New basal thalattosaur: Gunakadeit joseeae

Druckenmiller et al. 2020 bring us news of
a new sharp-snouted thalattosaur, Gunakadeit (Figs. 1, 2; Norian,Late Triassic; UAMES 23258) represented by a beautiful, nearly complete and almost fully articulated skeleton.

From the abstract:
“The holotype is the most complete North American thalattosaurian yet described and one of the youngest occurrences of the clade worldwide.”

Figure 1. Gunakadeit in situ with colors added for bone identification.

Figure 1. Gunakadeit in situ with colors added for bone identification.

The premaxilla
was extremly sharp, as were the recurved dentary teeth. Only tiny teeth are present on the upper jaws. The tail may have been quite short, distinct from other thalattosaurs.

A few small bones posterior to the occiput
marked with question marks (Fig. 2) are a string of anterior cervicals (Fig. 1). Overlooked and not mentioned in the text, but common to all thalattosaurs is the septomaxilla forming the lower rim of the naris. Taphonomically, the skull is split right down the middle, giving a rare view of both the interior and exterior.

Figure 2. Gunakadeit skull in situ and reconstructed using DGS methods.

Figure 2. Gunakadeit skull in situ and reconstructed using DGS methods. Note the lack of a posterior process on the jugal, a traditional hallmark of higher thalattosaurs.

With regard to outgroups, the authors state,
“Given the uncertainty regarding placement of Thalattosauria within Diapisda, three basal diapsids, Petrolacosaurus kansensis (Carboniferous), Youngina capensis (Permian) and Claudiosaurus germaini (Permian) were selected as outgroups.”

Figure 3. Cladogram of the Mesosauria + Thalattosauria with Gunakadeit now included.

Figure 3. Subset of the LRT cladogram focusing on the Mesosauria + Thalattosauria with Gunakadeit now included.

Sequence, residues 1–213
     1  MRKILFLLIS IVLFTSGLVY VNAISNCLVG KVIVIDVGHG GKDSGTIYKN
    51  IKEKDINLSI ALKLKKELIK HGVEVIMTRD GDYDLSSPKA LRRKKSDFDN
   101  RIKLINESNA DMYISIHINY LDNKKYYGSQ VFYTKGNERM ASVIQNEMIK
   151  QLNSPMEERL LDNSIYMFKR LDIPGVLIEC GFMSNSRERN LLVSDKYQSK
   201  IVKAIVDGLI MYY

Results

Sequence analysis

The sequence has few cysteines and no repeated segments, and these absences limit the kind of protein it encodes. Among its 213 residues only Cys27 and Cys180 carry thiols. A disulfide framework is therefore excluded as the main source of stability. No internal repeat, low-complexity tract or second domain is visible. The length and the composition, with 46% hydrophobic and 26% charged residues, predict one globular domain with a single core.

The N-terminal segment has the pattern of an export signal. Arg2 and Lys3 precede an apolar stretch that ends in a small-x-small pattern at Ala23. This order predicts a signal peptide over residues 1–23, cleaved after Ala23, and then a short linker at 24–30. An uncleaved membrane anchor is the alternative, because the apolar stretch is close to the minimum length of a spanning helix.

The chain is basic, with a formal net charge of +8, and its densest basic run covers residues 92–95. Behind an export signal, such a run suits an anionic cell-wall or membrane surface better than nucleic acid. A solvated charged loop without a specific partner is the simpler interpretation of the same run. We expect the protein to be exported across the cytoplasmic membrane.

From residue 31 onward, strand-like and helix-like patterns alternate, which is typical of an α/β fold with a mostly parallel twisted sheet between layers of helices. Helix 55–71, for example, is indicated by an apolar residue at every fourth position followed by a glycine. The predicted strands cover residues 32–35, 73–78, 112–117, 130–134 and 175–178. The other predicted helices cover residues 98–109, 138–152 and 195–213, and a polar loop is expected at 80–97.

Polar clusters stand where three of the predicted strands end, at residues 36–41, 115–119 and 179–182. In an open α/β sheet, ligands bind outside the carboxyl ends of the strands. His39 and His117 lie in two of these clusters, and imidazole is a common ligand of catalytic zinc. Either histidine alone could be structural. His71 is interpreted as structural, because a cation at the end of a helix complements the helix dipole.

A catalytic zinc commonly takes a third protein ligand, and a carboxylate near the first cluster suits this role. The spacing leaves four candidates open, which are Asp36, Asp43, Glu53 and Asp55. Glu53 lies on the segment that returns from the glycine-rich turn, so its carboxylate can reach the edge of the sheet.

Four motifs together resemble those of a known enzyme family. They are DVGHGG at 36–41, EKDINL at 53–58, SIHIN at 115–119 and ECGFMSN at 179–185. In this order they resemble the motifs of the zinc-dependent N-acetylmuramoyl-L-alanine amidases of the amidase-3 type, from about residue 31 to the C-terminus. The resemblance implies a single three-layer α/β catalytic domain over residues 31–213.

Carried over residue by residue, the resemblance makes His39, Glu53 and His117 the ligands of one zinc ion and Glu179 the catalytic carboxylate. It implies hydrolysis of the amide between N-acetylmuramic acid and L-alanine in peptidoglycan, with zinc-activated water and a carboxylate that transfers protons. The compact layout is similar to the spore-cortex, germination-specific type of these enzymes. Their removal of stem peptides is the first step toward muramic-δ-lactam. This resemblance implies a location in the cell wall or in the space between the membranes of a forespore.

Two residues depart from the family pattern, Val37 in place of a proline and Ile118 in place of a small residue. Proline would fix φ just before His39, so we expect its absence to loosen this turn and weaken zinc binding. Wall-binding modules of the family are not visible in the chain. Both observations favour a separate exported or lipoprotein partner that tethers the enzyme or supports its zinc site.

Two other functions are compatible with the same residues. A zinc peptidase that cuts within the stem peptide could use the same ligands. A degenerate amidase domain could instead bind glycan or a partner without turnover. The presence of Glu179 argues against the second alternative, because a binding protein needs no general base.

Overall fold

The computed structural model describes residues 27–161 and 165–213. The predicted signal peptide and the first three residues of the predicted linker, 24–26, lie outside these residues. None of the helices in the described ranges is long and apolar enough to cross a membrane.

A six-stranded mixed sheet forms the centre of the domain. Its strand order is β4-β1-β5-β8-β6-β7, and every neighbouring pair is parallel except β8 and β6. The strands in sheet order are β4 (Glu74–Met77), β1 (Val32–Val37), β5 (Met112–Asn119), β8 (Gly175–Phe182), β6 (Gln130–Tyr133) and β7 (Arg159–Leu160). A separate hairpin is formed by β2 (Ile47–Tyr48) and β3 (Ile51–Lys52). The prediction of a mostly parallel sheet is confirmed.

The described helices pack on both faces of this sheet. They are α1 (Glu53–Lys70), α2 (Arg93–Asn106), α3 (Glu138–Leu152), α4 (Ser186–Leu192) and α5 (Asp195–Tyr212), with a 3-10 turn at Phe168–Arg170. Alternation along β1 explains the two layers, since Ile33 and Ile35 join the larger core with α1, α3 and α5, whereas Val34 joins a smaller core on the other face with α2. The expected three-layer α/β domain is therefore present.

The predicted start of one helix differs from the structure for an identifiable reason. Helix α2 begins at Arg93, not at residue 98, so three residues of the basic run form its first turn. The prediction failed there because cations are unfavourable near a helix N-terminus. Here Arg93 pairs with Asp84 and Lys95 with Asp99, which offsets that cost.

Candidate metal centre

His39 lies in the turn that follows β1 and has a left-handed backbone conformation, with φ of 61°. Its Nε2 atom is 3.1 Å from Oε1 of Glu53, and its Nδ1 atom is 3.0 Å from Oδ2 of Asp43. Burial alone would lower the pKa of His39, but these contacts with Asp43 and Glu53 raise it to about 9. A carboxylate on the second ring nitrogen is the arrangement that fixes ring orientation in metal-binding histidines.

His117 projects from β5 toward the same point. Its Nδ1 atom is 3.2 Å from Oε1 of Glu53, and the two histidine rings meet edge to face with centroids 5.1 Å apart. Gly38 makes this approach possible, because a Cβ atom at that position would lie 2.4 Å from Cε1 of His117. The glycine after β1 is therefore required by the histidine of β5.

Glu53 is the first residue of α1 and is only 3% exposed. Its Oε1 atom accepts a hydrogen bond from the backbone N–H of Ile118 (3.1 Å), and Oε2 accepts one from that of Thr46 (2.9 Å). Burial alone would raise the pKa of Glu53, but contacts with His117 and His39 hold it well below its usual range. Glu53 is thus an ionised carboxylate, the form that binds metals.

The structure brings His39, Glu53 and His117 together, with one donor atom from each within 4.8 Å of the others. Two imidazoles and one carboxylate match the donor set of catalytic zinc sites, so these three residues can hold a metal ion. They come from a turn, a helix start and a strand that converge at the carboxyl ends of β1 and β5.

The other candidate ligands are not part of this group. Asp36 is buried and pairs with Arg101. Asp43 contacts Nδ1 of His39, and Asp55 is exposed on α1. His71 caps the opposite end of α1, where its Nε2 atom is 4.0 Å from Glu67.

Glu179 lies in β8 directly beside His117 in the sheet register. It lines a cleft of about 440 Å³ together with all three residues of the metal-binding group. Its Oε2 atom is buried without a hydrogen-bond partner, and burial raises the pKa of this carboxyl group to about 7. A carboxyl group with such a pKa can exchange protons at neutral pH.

That is unfortunate
as the list of extended outgroups for the clade Thalattosauria were recovered several years ago at www.ReptileEvolution.com/reptile-tree.htm (subset Fig. 3). Excluded by the authors, Serpianosaurus is basal to both clades of thalattosaurs. This clade is a sister to the Mesosauria. That clade is a sister to Wumengosaurus and the Ichthyosauria. That clade arises from basalmost Sauropterygia (pachypleurosaurs). Together those clades comprise the traditionally outdated, but here resurrected clade, Enaliosauria.

Figure 2. The Thalattosauria and outgroups (Wumengosaurus and Stereosternum) to scale.

Figure 4. From 2013, the Thalattosauria and outgroups (Wumengosaurus and Stereosternum) to scale. Several taxa have been added since then.

Gunakabeit nests basal to the major dichotomy in Thalattosauria,
(Fig. 3) between Serpianosaurus and that split in the clade, despite its relatively late appearance in the fossil record. Other than coeval sharp-snouted Endennasaurus, most thalattosaurs are known from the Middle to Early Late Triassic (Carnian).

Also excluded by Druckenmiller et al. 2020
are the derived thalattosaurs, Eusaurosphargis, Helveticosaurus and Vancleavea.

Adding taxa gives you these solutions.
Adding characters does not. Hopefully this phylogenetic fact is starting to become clear.


References
Druckenmiller PS, Kelley NP, Metz ET and Baichtal J 2020.
 An articulated Late Triassic (Norian) thalattosauroid from Alaska and ecomorphology and extinction of Thalattosauria.
Scientific Reports 10, Article number: 1746
doi: https://doi.org/10.1038/s41598-020-57939-2
https://www.nature.com/articles/s41598-020-57939-2

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